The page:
Do domestic violence cases ever get dismissed in Illinois? Here’s what you need to know if you’re facing domestic battery charges in Chicago, Skokie or Rolling Meadows.
Do Domestic Violence Cases Ever Get Dismissed in Illinois?
Sometimes domestic violence cases get dismissed in Illinois. However, that usually only happens when there isn’t enough evidence to convict you – or when proof surfaces that you’re not guilty.
Here’s how a domestic violence dismissal works.
#2. The prosecutor gathers evidence to use against you in court.
#3. Your domestic battery defense attorney shares evidence with the prosecutor that shows you’re not guilty, or the prosecutor realizes that he or she doesn’t have enough evidence to convict you. This doesn’t always happen, though. Sometimes you go straight to #4.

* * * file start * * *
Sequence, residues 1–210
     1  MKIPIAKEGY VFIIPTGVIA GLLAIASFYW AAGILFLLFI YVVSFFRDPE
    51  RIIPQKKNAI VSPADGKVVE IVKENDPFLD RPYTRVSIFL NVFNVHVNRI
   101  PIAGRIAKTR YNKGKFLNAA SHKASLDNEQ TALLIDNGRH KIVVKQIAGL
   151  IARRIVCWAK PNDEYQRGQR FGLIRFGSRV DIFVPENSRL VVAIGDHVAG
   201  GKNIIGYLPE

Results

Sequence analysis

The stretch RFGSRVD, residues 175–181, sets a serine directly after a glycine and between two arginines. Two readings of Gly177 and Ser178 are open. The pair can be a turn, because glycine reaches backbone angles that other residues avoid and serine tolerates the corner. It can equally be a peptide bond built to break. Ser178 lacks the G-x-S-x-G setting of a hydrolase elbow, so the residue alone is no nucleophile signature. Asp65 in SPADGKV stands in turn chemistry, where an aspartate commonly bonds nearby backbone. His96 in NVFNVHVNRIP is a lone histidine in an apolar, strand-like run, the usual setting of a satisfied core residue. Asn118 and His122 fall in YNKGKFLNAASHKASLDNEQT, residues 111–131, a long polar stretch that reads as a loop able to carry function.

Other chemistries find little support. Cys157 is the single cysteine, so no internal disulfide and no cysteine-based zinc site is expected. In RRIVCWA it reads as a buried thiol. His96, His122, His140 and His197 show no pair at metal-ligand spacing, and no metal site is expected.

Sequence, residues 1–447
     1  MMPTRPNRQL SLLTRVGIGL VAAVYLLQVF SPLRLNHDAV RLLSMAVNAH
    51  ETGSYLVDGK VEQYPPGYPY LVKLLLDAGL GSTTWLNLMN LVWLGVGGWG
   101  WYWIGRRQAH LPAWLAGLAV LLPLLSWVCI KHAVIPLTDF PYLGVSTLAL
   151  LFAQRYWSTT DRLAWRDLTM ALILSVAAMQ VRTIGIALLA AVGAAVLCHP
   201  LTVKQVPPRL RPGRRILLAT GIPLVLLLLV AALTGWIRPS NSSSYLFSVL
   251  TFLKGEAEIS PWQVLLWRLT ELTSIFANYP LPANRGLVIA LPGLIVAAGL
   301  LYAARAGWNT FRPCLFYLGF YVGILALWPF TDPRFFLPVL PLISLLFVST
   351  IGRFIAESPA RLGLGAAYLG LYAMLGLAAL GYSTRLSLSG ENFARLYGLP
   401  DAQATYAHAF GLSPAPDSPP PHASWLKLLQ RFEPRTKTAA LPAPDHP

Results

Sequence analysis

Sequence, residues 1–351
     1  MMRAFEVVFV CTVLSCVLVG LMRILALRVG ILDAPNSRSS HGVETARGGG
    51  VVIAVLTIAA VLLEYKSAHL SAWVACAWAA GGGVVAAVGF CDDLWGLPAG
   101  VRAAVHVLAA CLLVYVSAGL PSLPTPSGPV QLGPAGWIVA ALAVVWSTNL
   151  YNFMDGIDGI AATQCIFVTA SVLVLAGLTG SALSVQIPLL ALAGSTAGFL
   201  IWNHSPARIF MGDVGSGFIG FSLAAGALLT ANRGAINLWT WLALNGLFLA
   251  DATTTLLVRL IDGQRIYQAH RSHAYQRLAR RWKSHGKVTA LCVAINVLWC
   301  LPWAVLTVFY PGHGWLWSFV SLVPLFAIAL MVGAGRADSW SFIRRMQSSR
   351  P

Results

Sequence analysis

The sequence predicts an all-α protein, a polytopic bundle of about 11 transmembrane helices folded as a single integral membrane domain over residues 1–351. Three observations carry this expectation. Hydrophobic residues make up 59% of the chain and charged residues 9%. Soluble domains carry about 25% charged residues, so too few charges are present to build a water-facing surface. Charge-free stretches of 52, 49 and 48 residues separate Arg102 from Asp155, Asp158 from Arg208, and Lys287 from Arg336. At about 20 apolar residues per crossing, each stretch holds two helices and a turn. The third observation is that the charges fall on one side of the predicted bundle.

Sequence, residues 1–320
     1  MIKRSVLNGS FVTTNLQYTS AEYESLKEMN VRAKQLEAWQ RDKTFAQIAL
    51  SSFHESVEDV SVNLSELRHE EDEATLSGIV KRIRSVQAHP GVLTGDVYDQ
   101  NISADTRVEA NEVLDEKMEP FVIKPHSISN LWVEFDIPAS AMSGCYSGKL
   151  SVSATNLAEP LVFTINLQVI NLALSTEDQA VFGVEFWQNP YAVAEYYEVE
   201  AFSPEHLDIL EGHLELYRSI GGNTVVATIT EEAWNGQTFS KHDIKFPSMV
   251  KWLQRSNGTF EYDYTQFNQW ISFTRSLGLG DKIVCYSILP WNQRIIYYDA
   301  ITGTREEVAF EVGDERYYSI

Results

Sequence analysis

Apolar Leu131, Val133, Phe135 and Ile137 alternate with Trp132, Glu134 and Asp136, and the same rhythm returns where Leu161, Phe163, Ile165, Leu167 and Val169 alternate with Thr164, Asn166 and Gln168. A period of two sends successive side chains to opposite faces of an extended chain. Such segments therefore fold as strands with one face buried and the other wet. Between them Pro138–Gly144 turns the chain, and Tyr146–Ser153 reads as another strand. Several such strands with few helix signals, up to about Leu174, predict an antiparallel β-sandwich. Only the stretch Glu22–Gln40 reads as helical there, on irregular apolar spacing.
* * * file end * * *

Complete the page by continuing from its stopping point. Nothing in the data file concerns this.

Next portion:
#4. A judge hears your case in court.
#5. The prosecutor does not have enough evidence to prove that you committed the crime of domestic battery, so the judge dismisses your case.
Domestic violence cases don’t always get dismissed, though. Sometimes the court finds the defendant (the person accused of the crime) to be guilty, and sometimes the court finds the defendant not guilty.
Is “Not Guilty” the Same as Having a Domestic Violence Charge Dismissed?
Being found not guilty is not the same as having a domestic violence charge dismissed, but in both situations, you’ll be considered not guilty of the crime. You can also clear the arrest from your criminal record, and you won’t have a conviction on your record.
Can You Get Your Own Domestic Violence Case Dismissed?
There’s never any way to predict how a judge will rule or whether a prosecutor will drop the case against you. However, you have the right to legal representation, and your attorney can evaluate your case and let you know what your options are.
Call us at 847-920-4540 or fill out the form below to get a free consultation with an experienced attorney who understands Illinois’ domestic violence laws. We’ll be happy to answer your questions and develop a strategy that gets you the best possible outcome.